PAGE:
I got into true crime then because this new awareness me feel vulnerable as a young girl (soon to become a young teen) and I wanted to understand the threat. So, I learned that while some criminals are cunning planners, others only get away with it because a family member or close friend refuses to turn them in.

But you're right to hold onto the belief that there are fewer criminals than good decent sorts. But, maybe it's also good to understand that some nice families may not be as nice as they appear. That some people won't do the right thing unless prodded.
 

skinny

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#29
Gwenar said:
I don't think you're naive

...

it's also good to understand that some nice families may not be as nice as they appear. That some people won't do the right thing unless prodded.
Appreciate your attempt to slap me into being there, Gwenar. ;)

No, I'm not naive, that's why I found the doco so brutal. Here's my original point. There's a documented murder and a documented cover-up with no subsequent investigation into THE FAMILY. What TF is wrong with US law that me, not being naive, can see that the mother and sister know a bunch more than they're telling, but no law is being enforced to bring them to justice and account for their duplicity. Is this yet another sad-end of political correctness where the 'feelings' of the apparent aggrieved are now seen to be more worthy than bringing them to account in the murder of this youth?

The reason for the family's acceptance of the imposter is worrying though.
This is at the heart of it. I'm not saying they did him in (they may have), but they definitely know what happened. You don't have to be a seasoned detective to see that. It isn't 'the way of the world' that gets to me, it's the offhand response to the obvious by the authorities. The FBI agent is very clear that she is waaaay suspicious of the two, but waht has happened as a result? What about the boy??! It's too open-ended when there are very obvious implications for the family. The facts:

1. The sister coached the imposter from the very beginning - implying that she knew he could not be the boy himslef, and is clearly complicit in the deception of the authorities. No charges laid or investigation entered into.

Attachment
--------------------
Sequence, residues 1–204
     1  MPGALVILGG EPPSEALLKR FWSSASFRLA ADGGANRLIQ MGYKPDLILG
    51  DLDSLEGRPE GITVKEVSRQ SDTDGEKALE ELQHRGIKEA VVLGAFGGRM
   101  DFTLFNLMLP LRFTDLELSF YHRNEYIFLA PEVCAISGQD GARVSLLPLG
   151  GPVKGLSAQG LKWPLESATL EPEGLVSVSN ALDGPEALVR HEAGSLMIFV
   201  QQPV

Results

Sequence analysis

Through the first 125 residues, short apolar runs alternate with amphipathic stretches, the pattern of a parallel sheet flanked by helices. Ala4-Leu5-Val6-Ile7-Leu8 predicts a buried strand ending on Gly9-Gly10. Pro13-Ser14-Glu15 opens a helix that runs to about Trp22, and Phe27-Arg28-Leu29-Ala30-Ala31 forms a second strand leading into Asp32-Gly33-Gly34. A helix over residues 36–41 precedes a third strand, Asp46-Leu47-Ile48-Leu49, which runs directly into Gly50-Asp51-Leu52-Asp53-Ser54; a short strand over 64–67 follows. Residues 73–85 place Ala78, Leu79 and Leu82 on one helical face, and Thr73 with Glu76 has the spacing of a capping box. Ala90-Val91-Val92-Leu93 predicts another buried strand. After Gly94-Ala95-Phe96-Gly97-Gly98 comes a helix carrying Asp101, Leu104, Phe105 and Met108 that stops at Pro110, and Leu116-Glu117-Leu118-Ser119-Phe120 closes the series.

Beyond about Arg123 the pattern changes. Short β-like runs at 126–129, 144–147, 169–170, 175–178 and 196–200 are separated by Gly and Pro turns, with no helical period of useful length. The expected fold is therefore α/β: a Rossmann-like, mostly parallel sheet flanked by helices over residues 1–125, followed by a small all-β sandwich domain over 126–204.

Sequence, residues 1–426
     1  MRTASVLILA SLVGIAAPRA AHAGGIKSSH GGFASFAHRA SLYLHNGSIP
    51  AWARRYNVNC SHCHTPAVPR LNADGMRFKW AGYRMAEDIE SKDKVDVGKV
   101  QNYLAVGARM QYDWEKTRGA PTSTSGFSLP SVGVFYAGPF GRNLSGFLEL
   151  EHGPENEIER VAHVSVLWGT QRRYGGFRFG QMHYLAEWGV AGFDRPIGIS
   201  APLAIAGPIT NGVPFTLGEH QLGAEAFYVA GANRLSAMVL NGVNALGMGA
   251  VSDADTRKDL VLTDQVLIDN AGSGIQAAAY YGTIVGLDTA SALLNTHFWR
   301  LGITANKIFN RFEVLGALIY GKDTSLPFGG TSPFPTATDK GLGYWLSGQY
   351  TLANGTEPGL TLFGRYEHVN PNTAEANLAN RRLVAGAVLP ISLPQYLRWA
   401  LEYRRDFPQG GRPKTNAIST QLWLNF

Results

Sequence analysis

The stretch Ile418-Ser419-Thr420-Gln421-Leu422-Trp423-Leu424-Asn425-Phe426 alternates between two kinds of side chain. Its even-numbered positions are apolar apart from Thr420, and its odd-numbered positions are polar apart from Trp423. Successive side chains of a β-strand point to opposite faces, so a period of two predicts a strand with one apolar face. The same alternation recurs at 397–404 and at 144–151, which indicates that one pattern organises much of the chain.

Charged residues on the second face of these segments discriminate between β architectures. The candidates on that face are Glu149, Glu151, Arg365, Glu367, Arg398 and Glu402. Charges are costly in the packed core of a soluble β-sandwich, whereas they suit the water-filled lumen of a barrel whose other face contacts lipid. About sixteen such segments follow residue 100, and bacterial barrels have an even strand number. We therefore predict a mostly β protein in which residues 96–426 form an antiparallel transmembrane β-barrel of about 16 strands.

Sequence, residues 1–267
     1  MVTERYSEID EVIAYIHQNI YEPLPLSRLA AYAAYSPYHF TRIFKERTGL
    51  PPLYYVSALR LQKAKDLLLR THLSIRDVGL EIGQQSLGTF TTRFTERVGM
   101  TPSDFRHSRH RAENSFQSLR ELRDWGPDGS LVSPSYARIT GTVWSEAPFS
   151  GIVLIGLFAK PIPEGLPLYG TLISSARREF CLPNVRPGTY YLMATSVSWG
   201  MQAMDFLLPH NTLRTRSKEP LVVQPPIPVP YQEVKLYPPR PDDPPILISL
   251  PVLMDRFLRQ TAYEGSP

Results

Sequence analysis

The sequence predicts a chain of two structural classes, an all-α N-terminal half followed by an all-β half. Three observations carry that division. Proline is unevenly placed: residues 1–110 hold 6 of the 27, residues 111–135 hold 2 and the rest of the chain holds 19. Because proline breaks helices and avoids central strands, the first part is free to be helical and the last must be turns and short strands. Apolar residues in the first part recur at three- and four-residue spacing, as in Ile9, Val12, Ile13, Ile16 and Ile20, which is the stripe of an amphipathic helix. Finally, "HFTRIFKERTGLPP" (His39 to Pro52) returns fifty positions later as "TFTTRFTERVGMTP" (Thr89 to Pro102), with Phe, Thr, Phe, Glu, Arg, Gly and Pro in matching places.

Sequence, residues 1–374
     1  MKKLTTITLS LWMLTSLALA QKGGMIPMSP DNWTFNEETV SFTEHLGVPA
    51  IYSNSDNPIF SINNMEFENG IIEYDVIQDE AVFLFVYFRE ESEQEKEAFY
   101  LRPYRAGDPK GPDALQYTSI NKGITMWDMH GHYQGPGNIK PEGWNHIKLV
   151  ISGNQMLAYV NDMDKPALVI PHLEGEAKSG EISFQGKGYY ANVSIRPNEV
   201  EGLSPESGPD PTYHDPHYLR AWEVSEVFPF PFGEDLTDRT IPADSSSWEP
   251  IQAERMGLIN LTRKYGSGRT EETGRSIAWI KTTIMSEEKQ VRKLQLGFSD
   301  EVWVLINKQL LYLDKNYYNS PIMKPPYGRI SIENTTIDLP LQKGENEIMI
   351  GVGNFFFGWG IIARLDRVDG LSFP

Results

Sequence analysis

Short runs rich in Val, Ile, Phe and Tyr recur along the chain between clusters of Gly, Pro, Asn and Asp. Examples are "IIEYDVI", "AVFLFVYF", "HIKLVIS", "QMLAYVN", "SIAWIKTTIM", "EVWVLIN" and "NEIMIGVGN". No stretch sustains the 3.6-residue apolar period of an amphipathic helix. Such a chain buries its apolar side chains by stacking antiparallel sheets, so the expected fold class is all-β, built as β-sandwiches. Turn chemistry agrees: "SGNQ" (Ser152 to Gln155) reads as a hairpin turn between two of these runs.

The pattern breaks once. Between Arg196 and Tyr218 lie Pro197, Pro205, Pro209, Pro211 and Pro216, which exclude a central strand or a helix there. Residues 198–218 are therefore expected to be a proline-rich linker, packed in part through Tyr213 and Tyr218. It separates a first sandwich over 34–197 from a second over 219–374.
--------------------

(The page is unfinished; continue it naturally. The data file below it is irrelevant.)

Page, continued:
2. The mother and sister both helped the imposter to settle into their former child's role back in the US as smoothly as they could. Why? Because they wanted to smother any interest in the investigation. If they were really aggrieved and looking for true closure, they would have howled aloud from the outset. They didn't. Therefore there are, as far as I can see, two main motives for their complicity in deception. Either they were too cut up to challenge the imposter (possible), and their desperation for closure drove them to lie to themselves and avoid any further emotional stress (a mental/emotional self-delusion - plausible). Or, they know what happened to their boy and want to protect themselves and the perpetrator from prosecution, and this bloke was a convenient cover allowing them to avoid any further legal snooping.

In my opinion, the second scenario is the most likely. I think it highly likely that the ex-boyfriend killed the boy and disposed of the body with the mother and sister's knowledge, even encouragement. Why is anybody's guess. But they definitely know what happened.
 

escargot

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#30
That's certainly what the documentary makers implied. I feel that we will hear one day what did happen. Perhaps when someone dies or goes to prison, say, and is no longer able to keep others quiet with threats.

Many people are frightened into complicity when they are close to a murderer. Knowing that someone is capable of killing is enough to keep them quiet.

It's easy to say that witnesses should speak out, but if they have been forced to help conceal the crime they are implicated. They would be treated like any other criminal and might not be safe from the actual murderer or the murderer's associates. They are unlikely to take that chance.